See D. A. Carson‘s penetrating review [as a PDF] of Frank Thielman, Theology of the New Testament: A Canonical and Synthetic Approach, Review of Biblical Literature 8 (2006): 535-39.
D. A. Carson
I’m currently working on a term paper on D. A Carson’s theological method, and I’ve really enjoyed reading many of Carson’s books and articles. One virtue (among many) that I highly esteem in Carson’s writings is his combination of humility and boldness. The following quotes are some of my favorite that illustrate courageous boldness:
- “When the Bible is examined as a whole, and its themes and plot-line traced out . . . the position of religious pluralism is from a Christian perspective utterly untenable. One may be a Christian, or one may be a religious pluralist in the third sense [i.e., not empirical or cherished but philosophical/religious pluralism]; one cannot be both. From the pluralist’s perspective, the Christian must appear a bigot, unless ‘Christian’ is redefined so that it has no necessary connection with Scripture; from the Christian’s perspective, the religious pluralist, however sincere, is both misguided and an idolater” (The Gagging of God: Christianity Confronts Pluralism [Grand Rapids: Zondervan, 1996], 238).
- “So which shall we choose? “Experience or truth? The left wing of the airplane, or the right? Love or integrity? Study or service? Evangelism or discipleship? The front wheels of a car, or the rear? Subjective knowledge or objective knowledge? Faith or obedience? Damn all false antithesis to hell, for they generate false gods, they perpetuate idols, they twist and distort our souls, they launch the church into violent pendulum swings whose oscillations succeed only in dividing brothers and sisters in Christ” (Becoming Conversant with the Emerging Church: Understanding a Movement and Its Implications [Grand Rapids: Zondervan, 2005], 234).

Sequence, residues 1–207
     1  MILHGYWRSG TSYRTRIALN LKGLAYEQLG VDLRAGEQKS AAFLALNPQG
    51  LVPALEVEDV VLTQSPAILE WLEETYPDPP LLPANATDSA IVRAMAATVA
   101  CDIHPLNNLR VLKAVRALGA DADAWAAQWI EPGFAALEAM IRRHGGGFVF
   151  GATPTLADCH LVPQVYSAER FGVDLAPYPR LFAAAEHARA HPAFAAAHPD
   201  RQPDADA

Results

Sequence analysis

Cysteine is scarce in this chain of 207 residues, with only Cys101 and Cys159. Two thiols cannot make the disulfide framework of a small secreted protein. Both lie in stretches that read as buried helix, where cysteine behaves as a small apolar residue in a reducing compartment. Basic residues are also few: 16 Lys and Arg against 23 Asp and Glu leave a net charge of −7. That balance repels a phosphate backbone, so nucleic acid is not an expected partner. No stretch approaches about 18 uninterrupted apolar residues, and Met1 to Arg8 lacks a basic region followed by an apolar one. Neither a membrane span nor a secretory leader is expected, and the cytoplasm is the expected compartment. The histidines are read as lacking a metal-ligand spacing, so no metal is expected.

- “Drawing lines” is “utterly crucial” because “truth demands it,” “the distinction between orthodoxy and heresy models it,” “the plurality of errors calls for it,” and “the entailments of the gospel confront our culture—and must be lived out.” (These are the four major headings in “On Drawing Lines, When Drawing Lines Is Rude,” ch. 8 in Gagging of God, 347-67.)
Wisdom from D. A. Carson, “Current Issues in Biblical Theology: A New Testament Perspective,” Bulletin for Biblical Research 5 (1995): 38-39.
The quotations below fall within the context of a published address to the IBR, addressing issues in biblical theology (BT). With reference to “popular concerns” (e.g., people asking, “What does the Bible say about X?”), Carson suggests that BT is helpful for three reasons:
- “Negatively, it will tame the subject, that is, it will help us see the topic in its proper proportion. One of the troubling features about contemporary Christianity is the large number of single-issue types who assume the gospel but rarely articulate it or think about it, while investing extraordinary passion and energy in relatively peripheral subjects–peripheral, that is, from the perspective of Scripture, if not from the current mood.”